Remembering Gene Wilder
When a celebrity’s retirement or estate plan is discussed posthumously, it usually tells a cautionary tale about the consequences of poor financial and estate planning. We tend to use these stories to emphasize the importance of planning (even for celebrities who seem to “have it all”). This isn’t the case for the iconic actor and comedian, Gene Wilder, who recently passed away at 83 after his struggle with Alzheimer’s. In remembering his legacy, we learn that even non-celebrities have a lot in common with Wilder’s retirement.
Although atypical for a celebrity of his net worth, we are pleased to identify three aspects of a fulfilling retirement Gene Wilder embodied:
1. Replacing a career with meaningful hobbies
Clients often share aspects of their careers that fuel passion but can also be accompanied by downsides, sometimes significant enough to become the catalyst for retirement. In Wilder’s case, he admitted “I don’t like show business, I realized. I like show, but I don’t like the business.” He walked away from the spotlight at 58, not far from the average American’s retirement age of 62. Career coach Bill Ellermeyer finds that the happiest retirees tend to be engaged in meaningful activities. For Wilder, this meant writing his memoir and other books in his Stamford, Connecticut home, surrounded by three acres of greenery to suit his newfound writer’s lifestyle.
2. Living simply and modestly
Despite his estimated $20 million net worth at death, Gene Wilder lived humbly in retirement. He spent the last 25 years of his life nestled in his Stamford home, valued at about $1 million upon passing, modest for a celebrity of his net worth. The concept of saving during the working years and sustainably spending from the portfolio during retirement isn’t typically applied to celebrities with abundant resources. Not much has been publicized with respect to his retirement planning, but it is evident he took measures to ensure the financial pieces were in place, enabling him to live comfortably. Refreshingly, Wilder didn’t die at either extreme that we so frequently see with celebrities: filthy rich with a poorly planned estate or flat broke with creditors fighting to dip into royalties. Wilder’s observable retirement supports a University of Michigan Health and Retirement study which found that after you’ve amassed about $3.5 million, more money doesn’t necessarily contribute to more happiness.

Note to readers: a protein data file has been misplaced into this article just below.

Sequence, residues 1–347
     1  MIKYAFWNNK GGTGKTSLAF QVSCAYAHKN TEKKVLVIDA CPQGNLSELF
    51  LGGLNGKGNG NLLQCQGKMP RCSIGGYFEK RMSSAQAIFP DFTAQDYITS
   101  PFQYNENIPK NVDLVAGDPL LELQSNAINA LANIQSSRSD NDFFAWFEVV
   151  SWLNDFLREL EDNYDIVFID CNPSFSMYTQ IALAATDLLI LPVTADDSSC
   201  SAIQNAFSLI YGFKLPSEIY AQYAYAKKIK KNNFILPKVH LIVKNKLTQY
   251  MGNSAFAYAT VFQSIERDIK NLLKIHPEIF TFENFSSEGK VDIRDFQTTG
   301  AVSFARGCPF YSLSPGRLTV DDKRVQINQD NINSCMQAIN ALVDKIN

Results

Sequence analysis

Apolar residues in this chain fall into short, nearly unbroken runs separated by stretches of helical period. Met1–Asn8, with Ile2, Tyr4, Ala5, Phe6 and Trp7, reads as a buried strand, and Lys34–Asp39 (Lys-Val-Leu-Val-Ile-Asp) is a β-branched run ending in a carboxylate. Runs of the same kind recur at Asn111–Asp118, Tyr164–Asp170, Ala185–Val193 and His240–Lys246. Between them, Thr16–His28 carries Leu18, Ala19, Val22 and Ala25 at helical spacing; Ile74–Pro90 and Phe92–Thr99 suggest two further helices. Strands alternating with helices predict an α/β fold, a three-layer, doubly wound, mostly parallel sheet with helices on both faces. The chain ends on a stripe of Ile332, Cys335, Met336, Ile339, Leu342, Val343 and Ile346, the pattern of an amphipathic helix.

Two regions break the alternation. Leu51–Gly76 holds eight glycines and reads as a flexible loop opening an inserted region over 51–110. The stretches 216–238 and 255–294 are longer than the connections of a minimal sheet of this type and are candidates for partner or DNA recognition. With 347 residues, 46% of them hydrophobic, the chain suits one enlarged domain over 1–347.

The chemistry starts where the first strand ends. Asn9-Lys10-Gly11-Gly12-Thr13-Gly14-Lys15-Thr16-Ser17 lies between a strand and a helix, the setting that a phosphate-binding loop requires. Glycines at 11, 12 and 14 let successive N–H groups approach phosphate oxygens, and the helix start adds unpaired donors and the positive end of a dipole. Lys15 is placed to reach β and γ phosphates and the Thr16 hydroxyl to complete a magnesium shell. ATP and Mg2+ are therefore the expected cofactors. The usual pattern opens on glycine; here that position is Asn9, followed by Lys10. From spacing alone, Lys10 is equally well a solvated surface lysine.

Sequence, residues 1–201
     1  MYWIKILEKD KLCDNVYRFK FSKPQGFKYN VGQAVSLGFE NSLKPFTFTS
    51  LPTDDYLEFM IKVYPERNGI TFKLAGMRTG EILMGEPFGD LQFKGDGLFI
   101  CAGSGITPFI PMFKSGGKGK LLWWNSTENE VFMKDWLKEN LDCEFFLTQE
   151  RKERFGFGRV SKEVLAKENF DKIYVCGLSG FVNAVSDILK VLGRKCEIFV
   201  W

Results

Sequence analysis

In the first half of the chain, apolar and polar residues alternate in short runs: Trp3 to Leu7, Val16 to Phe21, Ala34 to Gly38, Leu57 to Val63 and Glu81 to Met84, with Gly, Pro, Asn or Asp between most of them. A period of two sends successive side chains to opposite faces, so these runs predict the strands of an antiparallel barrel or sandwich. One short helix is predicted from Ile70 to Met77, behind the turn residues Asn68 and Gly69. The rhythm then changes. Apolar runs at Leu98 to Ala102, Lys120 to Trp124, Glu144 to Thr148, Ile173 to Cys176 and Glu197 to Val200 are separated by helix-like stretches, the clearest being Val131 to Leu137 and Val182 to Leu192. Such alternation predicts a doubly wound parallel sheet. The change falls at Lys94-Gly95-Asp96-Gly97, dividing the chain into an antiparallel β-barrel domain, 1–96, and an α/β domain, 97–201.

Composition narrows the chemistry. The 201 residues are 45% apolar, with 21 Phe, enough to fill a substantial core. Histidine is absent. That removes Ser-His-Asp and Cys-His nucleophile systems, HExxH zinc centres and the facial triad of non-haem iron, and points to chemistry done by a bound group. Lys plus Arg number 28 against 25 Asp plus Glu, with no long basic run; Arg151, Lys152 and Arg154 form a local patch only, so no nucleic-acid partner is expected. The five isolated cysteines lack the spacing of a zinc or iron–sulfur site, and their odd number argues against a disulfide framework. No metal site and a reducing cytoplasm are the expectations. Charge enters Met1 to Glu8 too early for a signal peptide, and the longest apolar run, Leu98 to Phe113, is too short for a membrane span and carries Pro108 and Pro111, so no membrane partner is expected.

3. Volunteering and supporting meaningful causes
Ovarian cancer became an important cause Wilder supported after his first wife, Gilda Radner, passed away. He spent decades raising awareness, becoming one of the first celebrities to speak openly about the disease. Wilder’s activism aligns with a growing body of research that finds volunteering to be a key ingredient to a fulfilling retirement, contributing to “lower mortality rates, lower rates of depression, fewer physical limitations, and higher levels of well-being.” He directed much of his financial abundance to supporting ovarian cancer research through creative charitable giving methods, many of which are feasible even for those with modest resources. Learn more about charitable giving strategies we can help you explore.
Despite Gene Wilder’s fame and fortune, it is evident he preferred a lifestyle that deviated from the typical celebrity extravagance. His story leads us to believe that non-financial aspects like replacing work with fulfilling hobbies, living simply, and supporting meaningful causes, combine to satisfy even those with abundant resources. This is an idea we embody at Yeske Buie and have shared through our Live Big® list; as we like to say, it’s about the size of your life, not the size of your wallet®. Furthermore, Wilder’s story reminds us that entrusting professionals with the financial aspects of our lives enables us to fulfill our non-financial vision for retirement with peace of mind.